Guyana joins growing list of Caribbean nations to use PDC science in fight against climate-driven disasters
The impacts of climate change are being felt around the world, but few know the urgency of action more than Guyana.
Immersed in the recent impacts of record-breaking floods which destroyed crops, houses, and livestock throughout the country, Guyana’s officials moved forward with aggressive plans to mitigate future disaster risks by launching a National Disaster Preparedness Baseline Assessment (NDPBA). Launched on June 8, 2021 through a virtual workshop, the NDPBA will be conducted in partnership with the University of Hawaii’s Pacific Disaster Center (PDC) and numerous national stakeholders—bringing new scientific data, tools, and technology to aid Guyana with increasing frequency and severity of natural disasters in the age of climate change.
“I am pleased to recognize the multi-stakeholder approach which extends its reach beyond representatives of government, to include representatives from civil society, the private sector, and NGOs who are critical partners in reducing disaster risk,” said Prime Minister, Retired Brigadier the Honourable Mark Phillips about the NDPBA during his opening remarks at the workshop. “It is my expectation that through this and future partnerships, disaster mitigation and preparedness will be strengthened, leading to enhanced response and recovery.”
Guyana joins other forward-leaning nations in the region like Trinidad and Tobago, The Bahamas, and Jamaica in operationalizing use of PDC’s NDPBA science and DisasterAWARE technology—including more than 10 nations throughout Latin America and the Caribbean who have engaged in NDPBA projects.
According to Guyana’s Civil Defence Commission Director-General Lieutenant Colonel Kester Craig who helped kick-off the workshop, the Commission “has been working on building partnerships with agencies such as the Pacific Disaster Center which has the experience and capabilities to guide and support much needed intervention and modern solutions in disaster risk management.” He highlighted the timeliness of the assessment given the recent flooding in May of this year.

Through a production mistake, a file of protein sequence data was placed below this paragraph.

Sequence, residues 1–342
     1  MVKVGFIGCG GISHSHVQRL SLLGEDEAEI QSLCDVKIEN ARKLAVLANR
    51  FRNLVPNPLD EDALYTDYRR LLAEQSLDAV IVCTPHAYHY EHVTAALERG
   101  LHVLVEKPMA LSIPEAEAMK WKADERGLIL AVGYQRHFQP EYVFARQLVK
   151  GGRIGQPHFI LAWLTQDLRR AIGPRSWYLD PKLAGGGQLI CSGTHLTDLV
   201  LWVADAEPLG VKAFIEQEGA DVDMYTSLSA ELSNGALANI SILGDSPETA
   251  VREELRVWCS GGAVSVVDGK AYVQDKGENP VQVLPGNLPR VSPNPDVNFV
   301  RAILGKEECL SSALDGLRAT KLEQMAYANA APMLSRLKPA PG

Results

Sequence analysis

The workshop was hosted by the Civil Defence Commission and garnered participation from more than 40 agencies and organizations including representatives from the United Nations Development Programme, Red Cross, Guyana’s Office of Climate Change, Ministry of Natural Resources, and many other ministries representing water, agriculture, energy, finance, and more.
PDC’s Director of Global Operations Dr. Erin Hughey reinforced the critical necessity of partnerships in tackling the greatest challenges faced by disaster managers today, saying that it is not something that can be done alone. According to Hughey, the NDPBA is designed to be a true knowledge exchange, in which participants share knowledge and experiences, and learn from one another.
“There is no greater responsibility than there is today… we must use every tool at our disposal, exchange every piece of information, and give our full focus and attention to finding and making the best possible decisions. Our friends, families, and citizens are all counting on us,” said Hughey. “We want to thank you for allowing us to partner with you and join this effort in building a safer Guyana and a safer world.”
During the workshop, PDC provided a demonstration of its DisasterAWARE platform— showcasing its advanced modeling capabilities, mapping, and cross-sectoral data-sharing tools to support more effective response and planning.
The Civil Defence Commission expressed enthusiasm about the platform which will help Guyana target meaningful future investments in disaster risk mitigation using empirical data. The Commission plans to fully operationalize use of PDC’s DisasterAWARE system into its response and planning for all hazards. In addition, data produced from the baseline assessment will be integrated into the system to help Guyana better respond to those most affected, track resources and deploy them more effectively.